Confronting the Impact of Neoliberal Free Trade Policies
on Labor and the Environment
By Richard D. Vogel
III. Climate Change: The Collateral Damage of Globalization
Scientific consensus holds that climate change is occurring and will continue at an accelerated rate throughout the 21st century. Scientists have also established that a large part of global warming is attributable to unregulated economic activity that is releasing increasingly larger amounts of greenhouse gasses and other pollutants into the earth's atmosphere.
The earth has already experienced significant environmental damage attributable to climate change. The orange frame around the world on map 2 illustrates the major consequences of global warming. The build-up of greenhouse gases produced by the burning of fossil fuels has triggered the melting of the polar ice caps and glaciers and is contributing to rising sea levels that endanger low-lying coastal plains around the world. Specific coastal areas at risk are marked in red on map 2. Widespread coastal flooding could ultimately displace millions of people and destroy critical croplands around the world.
Atmospheric brown clouds (ABCs) compound the effects of global warming. ABCs, marked by the brown blotches on map 2, which occur worldwide, are expanding most rapidly over Asia. A three kilometer-thick (1.86 mile) layer of airborne soot produced by burning fossil fuels combined with other particulate matter now shrouds an area from the Arabian Peninsula across southern Asia to China and the western Pacific Rim. In conjunction with rising concentrations of greenhouse gases in the atmosphere, ABCs are exacerbating the effects of climate change at an alarming rate.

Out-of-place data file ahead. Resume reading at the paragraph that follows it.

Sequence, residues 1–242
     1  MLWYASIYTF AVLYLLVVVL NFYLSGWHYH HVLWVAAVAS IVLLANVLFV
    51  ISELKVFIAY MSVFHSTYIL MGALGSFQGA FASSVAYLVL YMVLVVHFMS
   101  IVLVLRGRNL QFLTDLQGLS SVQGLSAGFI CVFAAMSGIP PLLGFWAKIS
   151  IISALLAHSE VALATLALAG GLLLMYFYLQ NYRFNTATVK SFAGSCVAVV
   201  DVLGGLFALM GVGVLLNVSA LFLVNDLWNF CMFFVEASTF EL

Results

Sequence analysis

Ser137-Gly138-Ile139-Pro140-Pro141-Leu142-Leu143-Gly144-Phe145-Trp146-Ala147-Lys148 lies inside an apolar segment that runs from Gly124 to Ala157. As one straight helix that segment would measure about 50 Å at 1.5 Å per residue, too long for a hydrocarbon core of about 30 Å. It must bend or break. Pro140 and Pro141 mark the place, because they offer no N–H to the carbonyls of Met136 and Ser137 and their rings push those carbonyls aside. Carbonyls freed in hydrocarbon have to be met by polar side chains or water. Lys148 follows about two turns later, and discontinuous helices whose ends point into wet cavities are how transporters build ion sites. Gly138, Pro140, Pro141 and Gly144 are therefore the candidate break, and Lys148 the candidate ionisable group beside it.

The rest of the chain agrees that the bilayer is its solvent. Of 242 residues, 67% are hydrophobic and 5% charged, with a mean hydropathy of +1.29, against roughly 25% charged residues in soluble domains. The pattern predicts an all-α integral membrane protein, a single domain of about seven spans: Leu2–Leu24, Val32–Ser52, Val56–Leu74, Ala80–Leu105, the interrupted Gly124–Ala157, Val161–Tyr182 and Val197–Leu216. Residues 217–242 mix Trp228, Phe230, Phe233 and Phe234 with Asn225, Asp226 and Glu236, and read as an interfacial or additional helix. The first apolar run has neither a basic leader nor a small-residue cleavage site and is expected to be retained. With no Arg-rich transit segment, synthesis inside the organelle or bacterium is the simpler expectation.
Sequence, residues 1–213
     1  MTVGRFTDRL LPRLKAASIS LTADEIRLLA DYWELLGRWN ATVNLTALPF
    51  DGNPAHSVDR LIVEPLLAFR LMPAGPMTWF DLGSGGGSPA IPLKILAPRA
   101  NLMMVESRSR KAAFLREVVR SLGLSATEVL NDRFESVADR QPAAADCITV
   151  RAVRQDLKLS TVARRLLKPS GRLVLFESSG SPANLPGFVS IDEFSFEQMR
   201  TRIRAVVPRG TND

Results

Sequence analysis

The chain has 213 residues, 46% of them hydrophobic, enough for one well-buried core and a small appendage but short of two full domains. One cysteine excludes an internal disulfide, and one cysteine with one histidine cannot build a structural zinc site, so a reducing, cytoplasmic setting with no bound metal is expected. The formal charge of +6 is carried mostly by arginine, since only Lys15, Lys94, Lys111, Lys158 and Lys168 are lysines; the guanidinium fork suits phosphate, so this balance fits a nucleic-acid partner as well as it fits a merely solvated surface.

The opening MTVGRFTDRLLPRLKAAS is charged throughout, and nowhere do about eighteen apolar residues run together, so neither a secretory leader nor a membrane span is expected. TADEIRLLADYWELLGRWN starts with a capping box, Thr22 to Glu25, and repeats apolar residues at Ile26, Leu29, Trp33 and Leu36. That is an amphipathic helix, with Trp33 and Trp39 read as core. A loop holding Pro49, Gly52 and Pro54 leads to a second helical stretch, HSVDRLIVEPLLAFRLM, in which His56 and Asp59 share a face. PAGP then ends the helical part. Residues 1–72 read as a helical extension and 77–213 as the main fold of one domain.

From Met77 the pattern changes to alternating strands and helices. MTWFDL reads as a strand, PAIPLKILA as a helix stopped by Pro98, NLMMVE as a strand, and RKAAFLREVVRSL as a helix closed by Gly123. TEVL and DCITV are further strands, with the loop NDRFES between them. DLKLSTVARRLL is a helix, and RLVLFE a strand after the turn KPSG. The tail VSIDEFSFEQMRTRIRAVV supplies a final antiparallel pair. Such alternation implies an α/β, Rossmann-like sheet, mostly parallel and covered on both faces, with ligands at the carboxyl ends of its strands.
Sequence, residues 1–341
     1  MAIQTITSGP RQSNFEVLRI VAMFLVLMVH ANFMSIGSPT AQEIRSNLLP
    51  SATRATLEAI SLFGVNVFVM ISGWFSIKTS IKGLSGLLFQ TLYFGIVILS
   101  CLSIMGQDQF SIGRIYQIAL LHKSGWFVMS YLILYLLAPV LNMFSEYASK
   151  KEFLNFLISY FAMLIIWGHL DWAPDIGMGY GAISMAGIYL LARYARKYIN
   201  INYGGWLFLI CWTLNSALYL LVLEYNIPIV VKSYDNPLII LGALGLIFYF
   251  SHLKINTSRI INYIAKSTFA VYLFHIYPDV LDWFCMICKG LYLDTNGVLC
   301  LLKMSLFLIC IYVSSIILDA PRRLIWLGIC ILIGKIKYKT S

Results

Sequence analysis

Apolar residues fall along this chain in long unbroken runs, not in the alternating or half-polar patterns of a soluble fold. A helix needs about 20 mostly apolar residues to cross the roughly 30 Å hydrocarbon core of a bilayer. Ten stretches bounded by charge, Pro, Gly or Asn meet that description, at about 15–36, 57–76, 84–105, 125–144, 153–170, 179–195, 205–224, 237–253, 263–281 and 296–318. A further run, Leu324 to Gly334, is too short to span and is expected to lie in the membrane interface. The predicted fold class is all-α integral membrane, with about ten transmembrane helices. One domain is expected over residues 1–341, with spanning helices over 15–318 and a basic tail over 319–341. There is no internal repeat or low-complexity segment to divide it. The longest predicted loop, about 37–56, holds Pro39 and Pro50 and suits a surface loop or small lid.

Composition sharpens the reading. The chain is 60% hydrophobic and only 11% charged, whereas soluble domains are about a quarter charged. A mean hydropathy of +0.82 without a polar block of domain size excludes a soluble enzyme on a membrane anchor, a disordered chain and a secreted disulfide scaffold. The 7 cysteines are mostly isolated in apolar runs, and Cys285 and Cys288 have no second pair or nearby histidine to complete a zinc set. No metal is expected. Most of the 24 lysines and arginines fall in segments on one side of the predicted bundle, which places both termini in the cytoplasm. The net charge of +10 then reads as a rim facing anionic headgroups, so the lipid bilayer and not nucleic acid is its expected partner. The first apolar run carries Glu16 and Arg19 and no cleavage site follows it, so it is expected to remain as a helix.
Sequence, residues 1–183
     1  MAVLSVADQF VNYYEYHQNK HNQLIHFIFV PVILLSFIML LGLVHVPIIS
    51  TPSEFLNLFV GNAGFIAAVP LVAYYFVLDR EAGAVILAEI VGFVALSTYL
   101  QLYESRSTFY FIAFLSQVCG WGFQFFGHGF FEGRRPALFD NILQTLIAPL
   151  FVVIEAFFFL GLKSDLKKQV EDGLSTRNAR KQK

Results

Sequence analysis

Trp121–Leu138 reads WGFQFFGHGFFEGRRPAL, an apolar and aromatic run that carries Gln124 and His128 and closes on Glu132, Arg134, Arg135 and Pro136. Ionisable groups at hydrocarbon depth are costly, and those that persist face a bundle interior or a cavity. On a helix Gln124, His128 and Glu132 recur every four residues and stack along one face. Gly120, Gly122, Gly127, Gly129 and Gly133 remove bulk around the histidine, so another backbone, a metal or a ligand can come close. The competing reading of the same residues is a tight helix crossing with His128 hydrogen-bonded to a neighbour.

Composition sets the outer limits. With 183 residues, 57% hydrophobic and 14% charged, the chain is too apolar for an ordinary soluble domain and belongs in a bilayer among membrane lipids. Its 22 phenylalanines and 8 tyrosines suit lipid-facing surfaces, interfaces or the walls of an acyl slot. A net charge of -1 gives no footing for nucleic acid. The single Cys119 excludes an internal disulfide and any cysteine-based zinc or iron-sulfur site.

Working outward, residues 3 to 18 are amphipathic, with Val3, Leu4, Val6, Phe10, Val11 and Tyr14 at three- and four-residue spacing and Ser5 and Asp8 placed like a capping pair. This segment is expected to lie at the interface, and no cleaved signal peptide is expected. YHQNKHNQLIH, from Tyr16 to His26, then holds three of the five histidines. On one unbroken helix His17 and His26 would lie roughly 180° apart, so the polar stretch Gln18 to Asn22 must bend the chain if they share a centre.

Continuing climate change will aggravate the problem of water scarcity worldwide, especially in North Africa, the Middle East, and Central Asia, regions that are already severely water stressed, and will trigger the desertification of vast tracts of land. The resulting crop decline will worsen the problem of trying to feed the growing population of the world.
The fact that global climate change is the collateral damage of globalization is indisputable. For the first time in history, global environmental collapse as a result of reckless economic activity is an imminent possibility. The consequences of such a catastrophe would include societal collapse and mega-migrations that would inaugurate an era of unprecedented human conflict over declining resources.
A look back at matrix 1reveals another secondary global trend that is as dangerous to the future as the megatrend of global climate change--escalating international tension and military build-up. This global trend is also driven primarily by US capitalism.